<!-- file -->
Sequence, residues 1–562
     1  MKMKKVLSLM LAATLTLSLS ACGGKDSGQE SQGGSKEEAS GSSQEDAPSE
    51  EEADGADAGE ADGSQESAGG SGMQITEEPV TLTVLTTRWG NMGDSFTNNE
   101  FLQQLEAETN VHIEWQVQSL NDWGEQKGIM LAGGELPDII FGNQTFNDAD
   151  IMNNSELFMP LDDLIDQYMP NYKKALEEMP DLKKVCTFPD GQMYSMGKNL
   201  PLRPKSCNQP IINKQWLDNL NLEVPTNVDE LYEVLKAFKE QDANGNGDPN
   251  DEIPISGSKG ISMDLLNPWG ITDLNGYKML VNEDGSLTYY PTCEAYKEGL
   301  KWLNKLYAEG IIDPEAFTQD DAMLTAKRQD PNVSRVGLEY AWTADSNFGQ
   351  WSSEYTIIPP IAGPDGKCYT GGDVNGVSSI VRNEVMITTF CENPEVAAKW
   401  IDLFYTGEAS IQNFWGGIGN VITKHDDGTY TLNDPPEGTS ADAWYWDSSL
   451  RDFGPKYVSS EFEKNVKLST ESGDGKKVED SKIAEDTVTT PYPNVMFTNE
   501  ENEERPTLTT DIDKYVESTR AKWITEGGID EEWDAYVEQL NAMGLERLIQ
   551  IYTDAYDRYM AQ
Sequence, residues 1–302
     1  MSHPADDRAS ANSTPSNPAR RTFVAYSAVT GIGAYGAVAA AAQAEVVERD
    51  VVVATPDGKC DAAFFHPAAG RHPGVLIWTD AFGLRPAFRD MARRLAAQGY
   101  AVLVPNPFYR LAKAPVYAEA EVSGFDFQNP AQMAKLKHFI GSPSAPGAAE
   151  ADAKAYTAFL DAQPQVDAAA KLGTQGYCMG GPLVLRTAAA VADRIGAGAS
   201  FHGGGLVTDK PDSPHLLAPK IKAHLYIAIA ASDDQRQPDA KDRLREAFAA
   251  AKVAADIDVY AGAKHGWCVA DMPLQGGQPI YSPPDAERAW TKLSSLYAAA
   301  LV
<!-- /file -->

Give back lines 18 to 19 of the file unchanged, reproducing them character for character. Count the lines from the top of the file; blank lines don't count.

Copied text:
   151  ADAKAYTAFL DAQPQVDAAA KLGTQGYCMG GPLVLRTAAA VADRIGAGAS
   201  FHGGGLVTDK PDSPHLLAPK IKAHLYIAIA ASDDQRQPDA KDRLREAFAA